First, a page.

Friday, February 12, 2010
Stones Throw fights the noble fight
C-box, who we use as our primary means for interaction on this site, has frozen the chat box in response to a DMCA complaint. I'm waiting to hear from them specifically, but playing the odds, I'd say it's Stones Throw. [update, 2/13 -- heard from c-box...yes, it was Stones Throw]
I did the math: We've made 878 posts over the 3+ years of the blog, many of them containing multiple albums. That's a LOT of instrumental albums upped. Through the years, we've received a few complaints -- less than a dozen -- and we've always honored artists'/labels' requests.
Personally, I disagree with the premise that you can absolutely control digital media. A site like this attracts tastemakers and dedicated fans of the music that will buy your music after they've heard it -- not encased in the webplayer on your site, but on their ipod or car stereo or whatever. However, artists/labels have a right to be stubborn (unenlightened) about this, as the law as written is with them. Besides, some could give a fuck about communities that form around blogs, and would shrug if they disappeared along with their links.
Enter Stones Throw. They've already acquired a reputation of sorts in how they go after blogs and links, so to some this is no surprise. We've put them on our "Do Not Post" list, although as far as I know, two posts have fallen through the cracks since that policy started in '08 -- and have been taken down immediately upon notification. Admittedly, the c-box is a little harder to police.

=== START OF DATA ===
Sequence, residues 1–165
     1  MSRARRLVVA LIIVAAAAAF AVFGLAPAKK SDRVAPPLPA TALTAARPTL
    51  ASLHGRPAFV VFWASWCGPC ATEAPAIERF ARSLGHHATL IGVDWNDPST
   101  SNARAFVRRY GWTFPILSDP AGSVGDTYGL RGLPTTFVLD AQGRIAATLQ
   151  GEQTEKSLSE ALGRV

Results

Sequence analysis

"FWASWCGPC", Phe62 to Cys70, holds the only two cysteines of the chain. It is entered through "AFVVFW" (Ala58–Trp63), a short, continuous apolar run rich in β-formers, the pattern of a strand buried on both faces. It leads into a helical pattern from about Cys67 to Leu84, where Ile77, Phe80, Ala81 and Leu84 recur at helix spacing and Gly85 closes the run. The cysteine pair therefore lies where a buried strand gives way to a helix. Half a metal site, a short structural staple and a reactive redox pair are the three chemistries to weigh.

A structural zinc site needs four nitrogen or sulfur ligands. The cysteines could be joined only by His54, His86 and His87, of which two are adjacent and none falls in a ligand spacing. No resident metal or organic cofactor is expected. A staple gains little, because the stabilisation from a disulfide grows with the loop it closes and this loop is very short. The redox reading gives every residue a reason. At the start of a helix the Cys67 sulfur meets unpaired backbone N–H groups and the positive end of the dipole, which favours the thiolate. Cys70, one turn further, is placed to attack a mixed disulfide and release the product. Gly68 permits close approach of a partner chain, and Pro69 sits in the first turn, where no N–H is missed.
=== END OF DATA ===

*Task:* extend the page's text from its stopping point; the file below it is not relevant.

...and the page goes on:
The difference between Stones Throw and everyone else is that they immediately go to hosts. I suppose it's efficient from their perspective, if it's all about control. If anything, it reveals their relationship to the culture: they invest a lot of money in their brand and culture, as can be seen on their website. But make no mistake, their version of this culture -- beatmaking -- is branded, copyrighted, and controlled. While they have talented producers on their roster, Stones Throw itself? It's a t-shirt.
So keep fighting the noble fight, Stones Throw -- against well-intentioned communities of artists and listeners in the culture you're trying so hard to brand.
And to everyone here -- beatmakers, fans of instrumental hip-hop -- let's keep this place free of Stones Throw.